Vapour Recovery Services
Vapour recovery services from SGS – a range of services to help you recover fuel vapour that would be lost to atmosphere during the transfer of petroleum products.
The transportation and storage of petroleum products results in evaporation and significant product losses to atmosphere. Vapour recovery units reduce these losses, providing both financial benefits through reclaimed product and environment benefits through reduced volatile organic carbon (VOC) emissions. Our vapour recovery services help you to ensure that your vapour recovery systems are working effectively.
Why choose vapour recovery services from SGS?
We can help you:
- Improve safety by ensuring that gasoline laden atmosphere is controlled
- Maximise the amount of liquid gasoline recovered from the atmosphere – approximately 0.15% of the gasoline loaded at a terminal can be recovered
- Comply with local emissions legislation, which may impose a limit on the amount of VOC emissions permitted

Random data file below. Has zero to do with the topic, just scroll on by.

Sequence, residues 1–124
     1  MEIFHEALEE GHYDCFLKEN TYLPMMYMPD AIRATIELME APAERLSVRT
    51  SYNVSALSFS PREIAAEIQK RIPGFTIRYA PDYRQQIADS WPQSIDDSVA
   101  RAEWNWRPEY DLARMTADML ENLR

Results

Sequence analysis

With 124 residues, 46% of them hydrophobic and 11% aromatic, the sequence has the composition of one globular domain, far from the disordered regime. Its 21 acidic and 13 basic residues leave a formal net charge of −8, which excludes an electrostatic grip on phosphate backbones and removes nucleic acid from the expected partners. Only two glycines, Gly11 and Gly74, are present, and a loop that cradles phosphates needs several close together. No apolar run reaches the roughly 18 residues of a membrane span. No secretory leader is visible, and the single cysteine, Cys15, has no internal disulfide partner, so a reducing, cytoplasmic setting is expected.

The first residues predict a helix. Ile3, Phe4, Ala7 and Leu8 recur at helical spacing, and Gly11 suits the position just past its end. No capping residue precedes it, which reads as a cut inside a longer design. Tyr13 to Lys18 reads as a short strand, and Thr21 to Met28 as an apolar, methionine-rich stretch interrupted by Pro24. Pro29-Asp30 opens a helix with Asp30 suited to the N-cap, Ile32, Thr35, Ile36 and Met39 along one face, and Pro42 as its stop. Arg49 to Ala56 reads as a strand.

Effective vapour recovery services from a trusted world leader
Knowledge and experience of vapour recovery is a highly specialised field, operating in hazardous atmosphere environments. Failure to service units correctly can lead to financial inefficiencies, operational issues, safety complications or environmental emission problems.
We offer unrivalled expertise in the process of vapour recovery and a wide range of services – from testing vapour recovery performance, maintenance and repairs to control software, system upgrades, training and technical consultancy.
We work closely with many of the leading suppliers of vapour recovery technology and our experts have many years of experience in the field, giving you the assurance that your equipment will be professionally maintained to the required standards.
To discuss how our vapour recovery services can support your business, contact us today.
Vapour Recovery ServicesWhitepaperVapour Recovery Services WhitepaperWhilst the link between man-made emissions and the harmful effects attributed to them are not yet fully understood, there has been increasing concern ...
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